Özge Baykan Calafato wrote Making the Modern Turkish Citizen: Vernacular Photography in the Early Republican Era, which explores the photographic self-representations of the urban middle classes in Turkey in the 1920s and the 1930s. Examining the relationship between photography and gender, body, space as well as materiality and language, the book explores how the production and circulation of vernacular photographs contributed to the making of the modern Turkish citizen in the formative years of the Turkish Republic.
The book shows a portrait of the ongoing political and social changes on the lives of the Turkish middle class, and of how they saw and wanted to present themselves, privately and publicly. Representing Modern Istanbul: Urban History and International Institutions in Twentieth Century Beyoglu by Enno Maessen explores the urban history of Beyoglu via a series of case studies which use previously unexamined archival material to tell the story of its local and international institutions.
From the German Teutonia club and a centre point of Turkey’s cinema culture to influential francophone, British and German schools which educated many of Turkey’s future elite, the book charts the shifting identities of the residents of the district. These case studies reveal the effects of changing political circumstances, from the rise of nationalism to Turkey’s place in the Cold War, as well as critically examining Beyoglu’s legacy as a multicultural centre.
Following two brief presentations on the books by the authors, they will engage in a panel discussion with a discussant and the audience to discuss the synergies between their books and the significance of studying Turkey’s contemporary history through the lenses of cultural analysis and cultural history.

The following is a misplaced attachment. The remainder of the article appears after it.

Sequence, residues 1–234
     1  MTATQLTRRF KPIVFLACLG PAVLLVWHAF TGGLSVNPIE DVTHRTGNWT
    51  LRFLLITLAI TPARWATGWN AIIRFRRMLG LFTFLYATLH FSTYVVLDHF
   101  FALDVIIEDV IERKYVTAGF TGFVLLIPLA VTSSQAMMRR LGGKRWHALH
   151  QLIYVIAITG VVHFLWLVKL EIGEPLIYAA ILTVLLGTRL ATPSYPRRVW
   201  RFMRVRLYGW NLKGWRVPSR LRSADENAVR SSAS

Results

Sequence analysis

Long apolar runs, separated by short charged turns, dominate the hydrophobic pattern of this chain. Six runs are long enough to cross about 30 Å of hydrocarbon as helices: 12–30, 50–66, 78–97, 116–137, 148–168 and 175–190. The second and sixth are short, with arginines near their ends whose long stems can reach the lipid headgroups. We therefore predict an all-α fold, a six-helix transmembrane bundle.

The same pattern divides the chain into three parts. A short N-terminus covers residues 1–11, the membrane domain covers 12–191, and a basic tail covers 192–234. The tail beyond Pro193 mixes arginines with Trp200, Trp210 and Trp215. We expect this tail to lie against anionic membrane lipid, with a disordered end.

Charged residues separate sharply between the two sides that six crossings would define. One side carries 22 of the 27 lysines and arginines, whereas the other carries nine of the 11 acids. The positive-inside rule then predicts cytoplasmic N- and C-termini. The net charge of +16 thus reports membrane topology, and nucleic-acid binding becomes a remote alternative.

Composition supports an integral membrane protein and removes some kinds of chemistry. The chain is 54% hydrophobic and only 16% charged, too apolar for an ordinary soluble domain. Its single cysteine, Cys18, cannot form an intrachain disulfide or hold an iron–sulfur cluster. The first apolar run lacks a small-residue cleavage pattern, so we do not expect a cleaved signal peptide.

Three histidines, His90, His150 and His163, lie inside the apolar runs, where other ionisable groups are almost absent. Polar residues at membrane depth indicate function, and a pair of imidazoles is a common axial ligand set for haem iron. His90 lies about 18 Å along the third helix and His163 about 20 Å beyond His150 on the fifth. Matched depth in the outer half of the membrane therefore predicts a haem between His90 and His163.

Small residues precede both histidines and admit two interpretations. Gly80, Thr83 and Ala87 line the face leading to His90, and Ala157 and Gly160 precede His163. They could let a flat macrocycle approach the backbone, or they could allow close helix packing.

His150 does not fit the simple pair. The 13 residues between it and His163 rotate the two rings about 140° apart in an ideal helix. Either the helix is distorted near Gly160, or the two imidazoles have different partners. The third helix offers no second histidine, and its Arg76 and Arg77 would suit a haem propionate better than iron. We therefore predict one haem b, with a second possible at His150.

About the speakers
Luiza Bialasiewicz is Professor of European Governance at the University of Amsterdam and the academic co-director of ACES. As a political geographer, her work examines the intersections between geopolitics and everyday politics. Most recently, she has written on the contentious politics of the pandemic, including the politics of vaccines as well as anti-lockdown protests.
Guido Snel is a writer, translator, and assistant professor of European Studies at the University of Amsterdam. Most recently he published Negen Steden, city stories, a journey from Vienna to Istanbul, De mirreberg (2018, novel) and Huis voor het hiernamaals (2016, stories). His work is published by De Arbeiderspers.
Özge Calafato is Lecturer in Literary and Cultural Analysis at the University of Amsterdam. Her research interests lie at the intersection of photography, archives, memory and cultural identity. Since 1999, she has worked as a journalist, editor and translator focusing on photography, literature, music and film. Between 2014 and 2020 she worked as the Assistant Director for the Akkasah: Center for Photography at the New York University Abu Dhabi.
Enno Maessen is lecturer in Political History at Utrecht University. His research interests cover the fields of urban history, modern Turkey, the Eastern Mediterranean region, social movements and the politics of representation in the second half of the twentieth century. Maessen is co-founder of the Turkey Studies Network in the Low Countries (TSN), an independent, non-partisan, multi-disciplinary academic platform where researchers interested in the study of Turkey gather and share thoughts, especially in the Low Countries.